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Swati Talwar

HS-PS1-1

Carbon Monoxide Bonds Study Guide

One of the most basic carbon oxides is carbon monoxide, which is one carbon atom coupled to one oxygen atom.

INTRODUCTION

Smoke inhalation is among the most common and serious problems faced by firefighters. If left untreated, it could be fatal and life-threatening. But why is it so bad? It's due to gases like carbon monoxide and carbon dioxide in the smoke. These gases enter the bloodstream through inhalation and could cause catastrophic damage to the brain and other organs. Carbon monoxide is the most lethal among all gases due to its high affinity for combining with hemoglobin.

Carbon Monoxide Poisoning Source

CARBON MONOXIDE:

Carbon monoxide is the most basic oxocarbon or oxide of carbon. Carbon monoxide (CO) is a colorless, odorless, slightly lighter-than-air gas. Even though it is created in the metabolism and has certain biological activities, it is poisonous to humans and animals at greater doses.

Carbon monoxide Source

CARBON MONOXIDE BOND:

One carbon and one oxygen atom are joined by a triple bond in carbon monoxide. The carbon and oxygen atoms are separated by 112.8 pm, indicating the presence of a triple bond.

CO has the strongest chemical bond observed, with a bond dissociation energy of 1072 kJ/mol. CO has three resonance configurations. However, the triple bond structure is the closest to the true electron density distribution in the compound.

RESONANCE STRUCTURE:

Three distinct resonance structures stabilize carbon monoxide. The essential resonance arrangement is the first one.

Carbon Monoxide esonance structures Source

BIOLOGICAL SIGNIFICANCE:

CO is a signaling molecule that is naturally generated by the human body. A range of illnesses, particularly hypertension and heart failure, have been related to anomalies in its metabolism. CO is prevalent in minor concentrations in the atmosphere, primarily due to fossil fuel combustion and fires. It is eventually converted to carbon dioxide in the atmosphere by natural mechanisms.

CONCLUSION

  • One carbon atom and one oxygen atom make up a carbon monoxide molecule.
  • CO has three resonance configurations; however, the triple bond structure is the closest to the true electron density distribution in the compound.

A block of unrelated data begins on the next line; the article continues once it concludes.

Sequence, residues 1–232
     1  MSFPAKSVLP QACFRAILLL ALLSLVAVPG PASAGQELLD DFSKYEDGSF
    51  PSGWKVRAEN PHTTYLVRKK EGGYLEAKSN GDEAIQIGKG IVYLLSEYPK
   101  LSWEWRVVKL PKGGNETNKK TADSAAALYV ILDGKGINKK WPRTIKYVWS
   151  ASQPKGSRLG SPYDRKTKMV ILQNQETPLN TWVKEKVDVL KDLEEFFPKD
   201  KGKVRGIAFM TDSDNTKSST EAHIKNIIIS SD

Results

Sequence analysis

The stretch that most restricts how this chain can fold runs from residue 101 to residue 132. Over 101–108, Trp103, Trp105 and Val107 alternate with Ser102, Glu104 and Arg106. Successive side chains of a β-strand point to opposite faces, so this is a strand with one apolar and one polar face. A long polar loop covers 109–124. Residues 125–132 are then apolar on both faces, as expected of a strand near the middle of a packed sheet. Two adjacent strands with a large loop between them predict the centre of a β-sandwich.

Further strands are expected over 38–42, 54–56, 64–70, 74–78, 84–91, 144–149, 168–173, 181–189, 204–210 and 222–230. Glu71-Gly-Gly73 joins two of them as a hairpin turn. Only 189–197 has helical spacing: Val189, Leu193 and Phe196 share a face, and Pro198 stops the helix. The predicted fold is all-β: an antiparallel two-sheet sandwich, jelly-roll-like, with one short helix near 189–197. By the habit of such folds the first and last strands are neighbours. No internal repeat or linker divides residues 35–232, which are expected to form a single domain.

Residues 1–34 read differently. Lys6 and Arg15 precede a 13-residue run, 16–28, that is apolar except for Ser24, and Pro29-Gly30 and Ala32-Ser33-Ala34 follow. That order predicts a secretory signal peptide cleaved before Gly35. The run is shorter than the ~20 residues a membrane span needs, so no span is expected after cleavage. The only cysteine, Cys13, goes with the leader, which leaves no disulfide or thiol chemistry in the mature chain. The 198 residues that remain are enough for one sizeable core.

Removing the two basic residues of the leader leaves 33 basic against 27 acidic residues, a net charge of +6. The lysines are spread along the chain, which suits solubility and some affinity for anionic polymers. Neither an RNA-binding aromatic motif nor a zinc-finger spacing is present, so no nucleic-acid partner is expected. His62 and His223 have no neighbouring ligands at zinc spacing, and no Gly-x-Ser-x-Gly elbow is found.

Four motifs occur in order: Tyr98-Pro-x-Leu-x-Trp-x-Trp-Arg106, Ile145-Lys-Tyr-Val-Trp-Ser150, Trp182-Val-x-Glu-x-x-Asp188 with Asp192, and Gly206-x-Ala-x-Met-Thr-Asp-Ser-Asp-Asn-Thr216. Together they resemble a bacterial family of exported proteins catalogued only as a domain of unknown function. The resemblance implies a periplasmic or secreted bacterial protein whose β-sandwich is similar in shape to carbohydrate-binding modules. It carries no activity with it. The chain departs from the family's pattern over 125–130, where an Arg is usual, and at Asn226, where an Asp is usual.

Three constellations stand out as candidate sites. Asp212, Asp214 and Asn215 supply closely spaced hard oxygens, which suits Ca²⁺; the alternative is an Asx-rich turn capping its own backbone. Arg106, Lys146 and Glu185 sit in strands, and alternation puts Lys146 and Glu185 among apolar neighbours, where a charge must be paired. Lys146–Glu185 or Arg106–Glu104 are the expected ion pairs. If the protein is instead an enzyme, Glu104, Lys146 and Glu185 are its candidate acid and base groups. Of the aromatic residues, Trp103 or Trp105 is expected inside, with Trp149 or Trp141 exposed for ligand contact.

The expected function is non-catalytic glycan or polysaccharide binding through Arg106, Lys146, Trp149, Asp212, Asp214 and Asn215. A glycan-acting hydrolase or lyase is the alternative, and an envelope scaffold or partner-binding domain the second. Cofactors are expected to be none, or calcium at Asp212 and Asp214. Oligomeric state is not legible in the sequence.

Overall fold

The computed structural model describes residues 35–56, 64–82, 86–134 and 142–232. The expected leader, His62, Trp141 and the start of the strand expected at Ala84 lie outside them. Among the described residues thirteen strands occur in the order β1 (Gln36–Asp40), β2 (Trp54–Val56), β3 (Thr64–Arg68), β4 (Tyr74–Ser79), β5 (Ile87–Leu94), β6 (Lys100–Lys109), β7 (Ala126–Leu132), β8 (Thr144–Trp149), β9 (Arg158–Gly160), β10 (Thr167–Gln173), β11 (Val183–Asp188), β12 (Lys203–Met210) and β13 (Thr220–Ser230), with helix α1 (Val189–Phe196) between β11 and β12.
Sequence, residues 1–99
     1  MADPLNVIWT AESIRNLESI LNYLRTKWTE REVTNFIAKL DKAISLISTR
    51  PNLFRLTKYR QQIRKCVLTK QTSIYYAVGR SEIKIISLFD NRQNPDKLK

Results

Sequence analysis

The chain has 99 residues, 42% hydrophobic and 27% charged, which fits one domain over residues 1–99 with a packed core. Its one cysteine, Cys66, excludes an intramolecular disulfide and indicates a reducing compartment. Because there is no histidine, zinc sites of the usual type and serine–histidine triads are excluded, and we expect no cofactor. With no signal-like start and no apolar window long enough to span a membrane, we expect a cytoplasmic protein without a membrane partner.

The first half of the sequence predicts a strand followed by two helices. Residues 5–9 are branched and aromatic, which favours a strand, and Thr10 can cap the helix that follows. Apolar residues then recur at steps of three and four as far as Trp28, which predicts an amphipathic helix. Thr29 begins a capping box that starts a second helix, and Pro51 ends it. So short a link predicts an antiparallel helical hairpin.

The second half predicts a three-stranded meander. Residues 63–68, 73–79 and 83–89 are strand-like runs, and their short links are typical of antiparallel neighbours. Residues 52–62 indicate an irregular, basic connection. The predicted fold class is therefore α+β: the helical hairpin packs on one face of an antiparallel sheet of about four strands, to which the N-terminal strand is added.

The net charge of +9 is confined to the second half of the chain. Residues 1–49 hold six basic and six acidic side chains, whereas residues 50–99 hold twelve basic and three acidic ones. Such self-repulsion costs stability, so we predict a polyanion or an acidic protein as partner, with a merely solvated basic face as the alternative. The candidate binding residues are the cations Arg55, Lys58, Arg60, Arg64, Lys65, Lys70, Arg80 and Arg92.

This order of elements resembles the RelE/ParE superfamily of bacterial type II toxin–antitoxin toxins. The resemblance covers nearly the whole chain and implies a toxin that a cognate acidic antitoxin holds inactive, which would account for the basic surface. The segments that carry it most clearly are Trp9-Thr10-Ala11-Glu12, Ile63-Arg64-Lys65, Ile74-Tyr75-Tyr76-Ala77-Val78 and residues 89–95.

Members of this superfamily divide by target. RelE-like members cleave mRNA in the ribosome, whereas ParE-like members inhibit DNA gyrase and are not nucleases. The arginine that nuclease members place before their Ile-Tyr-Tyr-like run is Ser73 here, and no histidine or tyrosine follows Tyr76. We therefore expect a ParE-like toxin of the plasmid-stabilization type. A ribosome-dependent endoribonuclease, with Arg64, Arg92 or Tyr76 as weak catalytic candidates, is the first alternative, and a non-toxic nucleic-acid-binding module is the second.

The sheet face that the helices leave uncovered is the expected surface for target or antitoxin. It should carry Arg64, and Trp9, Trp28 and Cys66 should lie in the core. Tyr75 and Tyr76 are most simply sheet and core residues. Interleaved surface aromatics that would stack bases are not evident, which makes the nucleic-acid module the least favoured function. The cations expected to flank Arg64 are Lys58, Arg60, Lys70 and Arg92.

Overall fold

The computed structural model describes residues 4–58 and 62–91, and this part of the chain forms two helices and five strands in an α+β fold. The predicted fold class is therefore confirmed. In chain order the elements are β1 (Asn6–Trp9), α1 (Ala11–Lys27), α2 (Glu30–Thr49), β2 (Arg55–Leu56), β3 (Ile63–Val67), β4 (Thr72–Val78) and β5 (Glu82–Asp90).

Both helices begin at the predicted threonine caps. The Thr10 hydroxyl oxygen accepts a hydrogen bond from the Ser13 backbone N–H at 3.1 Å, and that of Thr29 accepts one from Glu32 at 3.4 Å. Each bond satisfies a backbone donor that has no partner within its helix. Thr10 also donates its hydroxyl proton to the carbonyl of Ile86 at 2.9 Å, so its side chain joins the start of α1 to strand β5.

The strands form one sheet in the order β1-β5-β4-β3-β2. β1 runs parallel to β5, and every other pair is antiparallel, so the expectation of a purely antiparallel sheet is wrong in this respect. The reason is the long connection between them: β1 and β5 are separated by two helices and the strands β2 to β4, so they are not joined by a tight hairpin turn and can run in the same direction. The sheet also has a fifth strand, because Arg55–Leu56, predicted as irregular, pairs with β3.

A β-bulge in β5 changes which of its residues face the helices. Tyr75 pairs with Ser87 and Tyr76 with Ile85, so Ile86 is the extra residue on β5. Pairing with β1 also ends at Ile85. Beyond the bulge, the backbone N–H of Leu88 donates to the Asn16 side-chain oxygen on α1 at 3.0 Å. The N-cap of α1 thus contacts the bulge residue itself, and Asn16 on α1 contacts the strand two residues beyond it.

• CO is prevalent in minor concentrations in the atmosphere, primarily as a consequence of fossil fuel combustion and fires.

FAQs:

1. What kind of bond is CO?

In carbon monoxide, carbon and oxygen first form a double covalent bond. At first, oxygen and carbon share their two valence electrons each. This makes a double covalent bond. By doing so, oxygen becomes stable. But carbon is still not stabilized. Hence, oxygen now shares one of its lone pairs with carbon, leading to a coordinate covalent or dative bond. Once formed, a dative bond acts just like a normal covalent bond. Hence, carbon monoxide has a triple covalent bond.

2. What is the meaning of CO bond?

Carbon monoxide has a triple covalent bond, in which two are normal covalent bonds and one is a dative bond. A dative bond itself is a coordinate covalent bond. Here oxygen shares its lone pair of electrons with carbon, making a coordinate covalent bond. Once formed, this bond acts like a normal covalent bond.

3. How many bonds are there in CO?

Carbon Monoxide has a triple covalent bond. Two are normal covalent bonds, and one is a coordinate bond.

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SOURCES:

  1. Coordinate Covalent bond. https://www.ck12.org/c/chemistry/coordinate-covalent-bond/lesson/Coordinate-Covalent-Bonds-CHEM/?referrer=concept_details. Accessed on 23rd Jan 2022.
  2. Properties Of Carbon Monoxide. https://www.vedantu.com/question-answer/carbon-monoxide-has-a-bond-between-c-and-o-a-class-12-chemistry-cbse-5f625c5d01faef2daa4dfc56. Accessed on 23rd Jan 2022